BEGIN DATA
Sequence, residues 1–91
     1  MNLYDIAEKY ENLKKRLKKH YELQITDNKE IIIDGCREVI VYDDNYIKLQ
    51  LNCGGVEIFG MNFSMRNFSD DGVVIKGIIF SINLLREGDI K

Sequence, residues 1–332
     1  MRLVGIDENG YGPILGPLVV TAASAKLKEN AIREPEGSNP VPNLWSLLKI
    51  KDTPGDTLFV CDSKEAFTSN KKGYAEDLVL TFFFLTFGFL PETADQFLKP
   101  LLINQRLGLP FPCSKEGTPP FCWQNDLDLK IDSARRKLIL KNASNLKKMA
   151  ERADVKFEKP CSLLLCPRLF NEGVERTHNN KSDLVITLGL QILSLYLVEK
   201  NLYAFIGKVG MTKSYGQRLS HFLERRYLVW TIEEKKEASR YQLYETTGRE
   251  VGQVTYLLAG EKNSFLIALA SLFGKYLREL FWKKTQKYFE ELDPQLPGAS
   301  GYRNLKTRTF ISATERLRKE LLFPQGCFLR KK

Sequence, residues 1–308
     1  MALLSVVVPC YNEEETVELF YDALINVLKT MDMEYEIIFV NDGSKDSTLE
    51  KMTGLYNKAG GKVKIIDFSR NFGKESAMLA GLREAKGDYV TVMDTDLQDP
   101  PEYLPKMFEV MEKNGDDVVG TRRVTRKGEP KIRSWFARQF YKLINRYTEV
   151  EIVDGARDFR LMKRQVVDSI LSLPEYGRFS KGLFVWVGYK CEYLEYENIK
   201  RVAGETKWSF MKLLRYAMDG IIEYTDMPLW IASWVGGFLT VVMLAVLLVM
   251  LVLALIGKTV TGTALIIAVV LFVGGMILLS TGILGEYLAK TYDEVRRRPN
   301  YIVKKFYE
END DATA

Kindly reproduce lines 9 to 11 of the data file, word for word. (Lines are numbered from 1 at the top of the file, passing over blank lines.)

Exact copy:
   201  NLYAFIGKVG MTKSYGQRLS HFLERRYLVW TIEEKKEASR YQLYETTGRE
   251  VGQVTYLLAG EKNSFLIALA SLFGKYLREL FWKKTQKYFE ELDPQLPGAS
   301  GYRNLKTRTF ISATERLRKE LLFPQGCFLR KK